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In recent years across the state of New Jersey, residents have attempted to persuade their municipal zoning, planning, and land use boards to block new cell towers and cell tower additions. Despite their best efforts, on appeals of these board decisions, New Jersey courts have tended to side with those proposing to create the structures.
In 2017, a Hunterdon County man attempted to challenge a decision made by his township land use board to approve the variances Verizon needed to construct 12 new antennas on top of an existing powerline pole. The trial judge dismissed the appeal and the appellate panel affirmed. In 2019, after over a decade-long opposition from community residents, a trial court judge ruled in favor of T-Mobile, allowing T-Mobile to construct a new cell tower. The opposition from the Freehold Township community began around 2007 and the planning board sided with the residents, denying multiple of T-Mobile’s applications before being thwarted by the court. In 2020, the courts reversed a zoning board decision from a Passaic County municipality, ordering the municipality to grant the variance necessary for AT&T to construct a new cell tower. While the zoning board initially denied the application for fears it would be too close to residents, the trial judge viewed the decision as arbitrary and capricious.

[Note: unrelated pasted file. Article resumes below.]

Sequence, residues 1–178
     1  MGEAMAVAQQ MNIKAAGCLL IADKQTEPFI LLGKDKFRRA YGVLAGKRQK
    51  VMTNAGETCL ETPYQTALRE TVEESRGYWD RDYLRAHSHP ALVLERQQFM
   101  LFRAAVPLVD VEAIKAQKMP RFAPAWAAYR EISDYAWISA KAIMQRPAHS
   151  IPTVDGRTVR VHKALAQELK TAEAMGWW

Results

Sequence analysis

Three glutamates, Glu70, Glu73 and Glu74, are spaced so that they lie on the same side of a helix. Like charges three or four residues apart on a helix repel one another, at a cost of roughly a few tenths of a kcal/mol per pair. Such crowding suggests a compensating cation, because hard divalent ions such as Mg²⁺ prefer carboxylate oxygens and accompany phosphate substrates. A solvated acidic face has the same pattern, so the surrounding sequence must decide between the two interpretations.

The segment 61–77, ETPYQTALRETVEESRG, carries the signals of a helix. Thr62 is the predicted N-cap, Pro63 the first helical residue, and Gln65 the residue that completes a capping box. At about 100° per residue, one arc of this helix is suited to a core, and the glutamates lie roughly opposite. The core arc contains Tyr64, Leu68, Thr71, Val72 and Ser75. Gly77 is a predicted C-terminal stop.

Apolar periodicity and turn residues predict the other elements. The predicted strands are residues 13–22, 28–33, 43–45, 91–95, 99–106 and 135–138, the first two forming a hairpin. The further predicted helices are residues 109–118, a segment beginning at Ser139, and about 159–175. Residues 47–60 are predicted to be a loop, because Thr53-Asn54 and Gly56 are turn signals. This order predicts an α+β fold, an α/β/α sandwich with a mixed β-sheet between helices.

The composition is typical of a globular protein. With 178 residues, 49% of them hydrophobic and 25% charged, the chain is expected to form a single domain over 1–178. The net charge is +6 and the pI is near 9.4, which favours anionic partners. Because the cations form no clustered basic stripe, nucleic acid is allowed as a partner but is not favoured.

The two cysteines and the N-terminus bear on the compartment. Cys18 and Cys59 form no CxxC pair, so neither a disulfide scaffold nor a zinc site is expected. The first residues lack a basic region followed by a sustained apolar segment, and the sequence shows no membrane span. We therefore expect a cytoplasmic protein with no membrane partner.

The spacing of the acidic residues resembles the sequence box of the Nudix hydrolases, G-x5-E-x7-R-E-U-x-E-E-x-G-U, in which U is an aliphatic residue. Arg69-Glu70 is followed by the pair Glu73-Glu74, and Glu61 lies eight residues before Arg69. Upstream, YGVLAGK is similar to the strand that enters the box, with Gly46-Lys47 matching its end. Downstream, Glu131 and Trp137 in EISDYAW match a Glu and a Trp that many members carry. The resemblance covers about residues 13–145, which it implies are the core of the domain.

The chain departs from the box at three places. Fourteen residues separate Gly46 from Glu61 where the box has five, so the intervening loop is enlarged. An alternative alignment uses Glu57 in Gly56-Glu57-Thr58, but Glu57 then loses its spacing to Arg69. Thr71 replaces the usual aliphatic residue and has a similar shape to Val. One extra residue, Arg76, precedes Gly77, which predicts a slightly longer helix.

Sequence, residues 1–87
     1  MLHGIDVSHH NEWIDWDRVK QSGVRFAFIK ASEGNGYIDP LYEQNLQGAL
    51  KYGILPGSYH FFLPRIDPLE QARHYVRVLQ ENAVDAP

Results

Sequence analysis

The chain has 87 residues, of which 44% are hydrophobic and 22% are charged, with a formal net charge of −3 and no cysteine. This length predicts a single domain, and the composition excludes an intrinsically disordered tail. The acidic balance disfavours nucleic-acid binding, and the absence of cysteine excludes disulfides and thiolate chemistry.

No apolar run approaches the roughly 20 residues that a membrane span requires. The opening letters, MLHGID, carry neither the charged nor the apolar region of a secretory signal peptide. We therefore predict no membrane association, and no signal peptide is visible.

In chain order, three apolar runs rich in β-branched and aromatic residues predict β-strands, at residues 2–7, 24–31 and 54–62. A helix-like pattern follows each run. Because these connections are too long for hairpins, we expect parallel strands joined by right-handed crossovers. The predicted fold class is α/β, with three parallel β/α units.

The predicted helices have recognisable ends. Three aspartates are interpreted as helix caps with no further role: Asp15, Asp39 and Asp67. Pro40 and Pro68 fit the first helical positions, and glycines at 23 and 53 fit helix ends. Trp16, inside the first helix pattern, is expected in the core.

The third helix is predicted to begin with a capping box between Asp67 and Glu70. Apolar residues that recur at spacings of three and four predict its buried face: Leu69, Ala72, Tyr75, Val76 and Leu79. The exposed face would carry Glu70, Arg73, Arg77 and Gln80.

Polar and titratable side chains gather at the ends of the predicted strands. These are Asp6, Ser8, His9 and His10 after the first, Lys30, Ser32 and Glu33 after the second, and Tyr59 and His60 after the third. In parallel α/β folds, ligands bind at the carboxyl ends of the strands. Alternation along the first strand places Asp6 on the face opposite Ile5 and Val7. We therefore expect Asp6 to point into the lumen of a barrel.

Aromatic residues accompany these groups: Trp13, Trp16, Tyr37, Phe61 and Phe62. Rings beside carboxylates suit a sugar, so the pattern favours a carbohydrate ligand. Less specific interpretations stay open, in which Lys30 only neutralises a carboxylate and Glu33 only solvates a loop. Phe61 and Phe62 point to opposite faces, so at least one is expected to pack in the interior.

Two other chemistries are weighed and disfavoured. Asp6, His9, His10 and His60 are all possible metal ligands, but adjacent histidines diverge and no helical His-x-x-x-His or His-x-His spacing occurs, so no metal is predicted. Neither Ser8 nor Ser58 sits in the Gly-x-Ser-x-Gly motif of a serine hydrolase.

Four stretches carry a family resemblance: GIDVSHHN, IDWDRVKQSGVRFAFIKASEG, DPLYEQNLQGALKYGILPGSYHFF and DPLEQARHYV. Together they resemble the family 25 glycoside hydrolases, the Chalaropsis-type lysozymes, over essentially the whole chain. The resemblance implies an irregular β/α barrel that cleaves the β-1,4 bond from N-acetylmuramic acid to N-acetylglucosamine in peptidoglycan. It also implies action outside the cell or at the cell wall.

It should be noted that these court opinions are unpublished and therefore do not set precedent for future similar cases, but rather apply only to the individual situations respectively before the court. Nonetheless, these cases do show a pattern of wireless providers’ successes in building cell towers over community opposition. This is not to say all challenges to cell tower proposals are futile, as it is still important to be sure the application process is as thorough as possible and many residents have been successful in forcing the proponents of these projects to seek other locations, even if not blocking the construction of the tower entirely.
Court sides with Verizon over Hunterdon County cellular antennas
Freehold Township issues permit for construction of cell tower
143-foot-tall tower going up after North Haledon loses legal battle against AT&T
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